When is it time to call out poor customer behaviour?

George Haywood
George Haywood Member [Pro] Posts: 14

Hey - I'm becoming frustrated with a deal that I am working on, and would love to hear some of this forum's thoughts (going to try and keep this super short as theres a lot to unpack)

Working on a deal with an existing customer. They have purchased from us before at a similar $ value.

Deal is for software that replaces existing due to incumbent being no longer compliant with industry regs. Timeline was to have my software purchased in October to give team time to migrate from incumbent and run side by side until incumbent contract expires.

Half way through project - My customer merges with another. The merging party have an in house procurement team where as my customer had an outsourced team, so they are now using the new procurement guys.

New guys have stepped in and asked for multiple quotes from partners etc and revised legals (which we wont do due to contract value) - This has delayed the purchase…

Since i last spoke with procurement (2 weeks ago) its been radio silence. My tech and deal champion have guaranteed that my solution is the chosen solution and no other solution is in the picture, but as this procurement process is new to everybody, they are struggling to pin down what happens next internally.

I hold them that my discount will not apply if the deal runs past Nivember - still nothing from Procurment.

Is this the right time to call out the procurment guy for his poor comms? Everybody, inc champion and tech team are getting increasingly frustrated (as well as my manager because this was a forecasted deal that slipped) - but procurement just don't seem to have any urgency at all or care that they are stretching timelines set by their own team!! and even going to incur a large increase in cost by losing discount!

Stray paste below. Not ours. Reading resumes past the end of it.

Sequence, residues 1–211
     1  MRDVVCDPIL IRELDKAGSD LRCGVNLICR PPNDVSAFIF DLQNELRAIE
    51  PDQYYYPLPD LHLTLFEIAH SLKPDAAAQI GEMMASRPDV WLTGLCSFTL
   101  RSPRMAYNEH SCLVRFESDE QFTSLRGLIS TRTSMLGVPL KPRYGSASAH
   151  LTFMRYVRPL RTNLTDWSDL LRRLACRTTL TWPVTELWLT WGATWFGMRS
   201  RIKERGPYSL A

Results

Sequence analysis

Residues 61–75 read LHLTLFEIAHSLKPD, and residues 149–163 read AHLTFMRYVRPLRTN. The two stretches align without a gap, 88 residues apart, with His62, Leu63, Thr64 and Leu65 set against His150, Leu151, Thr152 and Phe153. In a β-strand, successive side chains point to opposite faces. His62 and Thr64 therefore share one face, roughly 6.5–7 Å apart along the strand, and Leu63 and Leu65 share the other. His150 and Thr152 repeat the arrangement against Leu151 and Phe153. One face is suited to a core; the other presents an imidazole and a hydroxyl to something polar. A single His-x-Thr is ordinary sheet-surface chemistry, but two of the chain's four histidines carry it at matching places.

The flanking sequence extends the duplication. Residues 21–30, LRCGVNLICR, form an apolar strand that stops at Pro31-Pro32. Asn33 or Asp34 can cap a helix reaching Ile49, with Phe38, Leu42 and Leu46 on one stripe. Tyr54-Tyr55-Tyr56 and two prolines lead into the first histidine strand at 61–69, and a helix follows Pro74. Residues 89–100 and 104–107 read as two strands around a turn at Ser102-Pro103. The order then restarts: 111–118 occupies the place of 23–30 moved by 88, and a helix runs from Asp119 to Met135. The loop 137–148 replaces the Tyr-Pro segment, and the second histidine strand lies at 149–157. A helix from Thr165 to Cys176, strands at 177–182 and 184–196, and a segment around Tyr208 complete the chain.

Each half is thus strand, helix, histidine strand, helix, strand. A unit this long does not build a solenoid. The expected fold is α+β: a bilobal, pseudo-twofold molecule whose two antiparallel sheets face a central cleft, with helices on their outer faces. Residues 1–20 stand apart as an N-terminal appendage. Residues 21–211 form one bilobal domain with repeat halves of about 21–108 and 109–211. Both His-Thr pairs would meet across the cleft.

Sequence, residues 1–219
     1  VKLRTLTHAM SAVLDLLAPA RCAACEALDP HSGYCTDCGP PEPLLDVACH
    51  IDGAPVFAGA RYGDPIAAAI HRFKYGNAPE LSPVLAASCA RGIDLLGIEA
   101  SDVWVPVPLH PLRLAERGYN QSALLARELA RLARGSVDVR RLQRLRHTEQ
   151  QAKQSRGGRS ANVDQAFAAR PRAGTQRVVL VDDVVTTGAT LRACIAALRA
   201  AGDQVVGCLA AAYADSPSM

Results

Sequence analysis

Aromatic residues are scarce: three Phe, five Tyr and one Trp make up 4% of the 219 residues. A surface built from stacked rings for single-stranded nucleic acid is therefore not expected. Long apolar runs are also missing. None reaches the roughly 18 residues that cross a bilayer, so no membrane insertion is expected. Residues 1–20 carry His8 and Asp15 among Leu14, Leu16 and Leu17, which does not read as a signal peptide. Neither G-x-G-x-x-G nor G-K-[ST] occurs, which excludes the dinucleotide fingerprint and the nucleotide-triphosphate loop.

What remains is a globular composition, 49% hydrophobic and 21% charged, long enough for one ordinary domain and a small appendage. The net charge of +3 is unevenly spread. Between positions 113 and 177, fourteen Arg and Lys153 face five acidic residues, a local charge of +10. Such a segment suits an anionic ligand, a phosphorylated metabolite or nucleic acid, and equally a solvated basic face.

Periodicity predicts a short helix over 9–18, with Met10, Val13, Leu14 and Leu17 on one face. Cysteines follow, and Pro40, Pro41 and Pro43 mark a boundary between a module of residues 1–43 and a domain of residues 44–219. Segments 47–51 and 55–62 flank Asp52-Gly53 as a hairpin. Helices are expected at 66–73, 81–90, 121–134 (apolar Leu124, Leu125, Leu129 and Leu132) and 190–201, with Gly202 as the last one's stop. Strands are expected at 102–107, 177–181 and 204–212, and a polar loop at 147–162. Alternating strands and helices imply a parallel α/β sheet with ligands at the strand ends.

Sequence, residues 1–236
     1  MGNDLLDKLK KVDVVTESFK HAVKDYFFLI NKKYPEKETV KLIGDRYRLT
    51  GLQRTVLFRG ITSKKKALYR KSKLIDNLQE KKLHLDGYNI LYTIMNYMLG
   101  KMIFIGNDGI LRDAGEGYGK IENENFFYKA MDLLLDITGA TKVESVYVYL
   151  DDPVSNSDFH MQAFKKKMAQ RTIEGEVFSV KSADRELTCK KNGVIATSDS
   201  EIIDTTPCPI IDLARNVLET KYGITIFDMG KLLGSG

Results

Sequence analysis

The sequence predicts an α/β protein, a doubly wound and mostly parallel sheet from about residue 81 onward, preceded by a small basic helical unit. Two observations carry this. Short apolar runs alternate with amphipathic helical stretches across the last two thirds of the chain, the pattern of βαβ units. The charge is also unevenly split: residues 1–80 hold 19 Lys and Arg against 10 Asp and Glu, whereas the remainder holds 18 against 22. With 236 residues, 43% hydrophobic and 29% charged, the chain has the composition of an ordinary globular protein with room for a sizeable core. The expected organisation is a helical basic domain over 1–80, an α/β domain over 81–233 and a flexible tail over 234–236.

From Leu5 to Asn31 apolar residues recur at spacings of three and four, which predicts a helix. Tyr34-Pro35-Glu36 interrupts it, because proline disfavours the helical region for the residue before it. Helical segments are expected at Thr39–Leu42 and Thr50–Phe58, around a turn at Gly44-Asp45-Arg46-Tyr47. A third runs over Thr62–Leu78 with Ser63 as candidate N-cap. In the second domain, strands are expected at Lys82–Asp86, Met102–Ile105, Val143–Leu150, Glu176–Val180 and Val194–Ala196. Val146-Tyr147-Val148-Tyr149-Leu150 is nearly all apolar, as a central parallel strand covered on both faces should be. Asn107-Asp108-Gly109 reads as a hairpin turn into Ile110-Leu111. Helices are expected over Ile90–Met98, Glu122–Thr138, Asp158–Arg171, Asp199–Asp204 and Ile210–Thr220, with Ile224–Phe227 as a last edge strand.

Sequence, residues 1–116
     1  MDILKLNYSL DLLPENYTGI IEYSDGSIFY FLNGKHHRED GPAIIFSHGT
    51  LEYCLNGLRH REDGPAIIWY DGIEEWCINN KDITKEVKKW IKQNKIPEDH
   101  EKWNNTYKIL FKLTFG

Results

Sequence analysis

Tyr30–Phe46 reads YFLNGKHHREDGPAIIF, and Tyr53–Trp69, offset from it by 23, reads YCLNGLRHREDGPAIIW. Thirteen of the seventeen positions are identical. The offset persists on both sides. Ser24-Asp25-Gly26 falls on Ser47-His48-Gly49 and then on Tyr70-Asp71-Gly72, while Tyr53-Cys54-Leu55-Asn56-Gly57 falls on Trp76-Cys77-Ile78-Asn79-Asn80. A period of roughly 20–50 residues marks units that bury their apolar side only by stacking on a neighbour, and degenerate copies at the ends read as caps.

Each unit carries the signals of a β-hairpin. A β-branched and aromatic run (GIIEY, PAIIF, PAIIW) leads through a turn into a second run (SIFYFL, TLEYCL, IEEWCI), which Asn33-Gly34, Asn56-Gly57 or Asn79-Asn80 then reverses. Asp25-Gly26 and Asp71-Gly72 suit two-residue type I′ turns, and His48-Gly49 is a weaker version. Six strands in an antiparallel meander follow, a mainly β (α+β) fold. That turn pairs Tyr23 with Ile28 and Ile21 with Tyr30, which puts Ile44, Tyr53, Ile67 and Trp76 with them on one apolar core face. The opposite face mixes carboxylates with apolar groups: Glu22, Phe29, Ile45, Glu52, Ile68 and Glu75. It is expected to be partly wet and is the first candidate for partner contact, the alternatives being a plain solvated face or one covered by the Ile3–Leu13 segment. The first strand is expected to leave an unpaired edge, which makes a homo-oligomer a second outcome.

Im stumped!

Comments

  • Patrick McLoughlin
    Patrick McLoughlin Member [Plus] Posts: 15

    George thanks for the question and I can feel your pain. I had two reactions:

    The first being the internal procurement department form the merged company is shopping your solution. Your tech and deal Champion have lost value in the merger and potentially are no longer in the know and that could be why they have no information. I think this is worst case but my best sales strategies were based on challenging the worst case.

    My suggestion is go back to procurement with a setback schedule that you built with the tech and deal champion and ask for a meeting with the new procurement teams. Procurement teams cannot afford to make mistakes and you should take this opportunity to show them you understand their business and the ramifications of having a solution in place that is no longer compliant. This will demonstrate knowledge of your customer situation that will differentiate you and your company. It will also show urgency to the new procurement department on the negative consequences of missing a compliance requirement. Best of luck pal, Paddy Mac

  • Adam Bowen
    Adam Bowen Member [Pro] Posts: 4

    Agree with Paddy Mac's first instinct here. As the saying goes, if they aren't talking to you, they are talking to someone else.

    The power dynamic has shifted due to external forces, and it may just be the fact that your Champion and EB may now only be coaches at best, and NINA's at worst (dead men walking).

    Do you know if the parent company has current contracts with your competitors?

    I agree with Paddy Mac's suggested course of action to share the deck (should include a MAP) that was built out with "must be done by" dates in order for them to meet their positive business outcomes (inversely, not renewing the current vendor and experiencing another year/term of negative consequences). Your discount is not a compelling event; the impact of Business As Usual has to be. If it was, they would not be trying to renegotiate business terms (all terms have value) and verbal commitments. My guess is that their procurement isn't scared of losing their discount, as companies are notorious for just extending it and not walking away.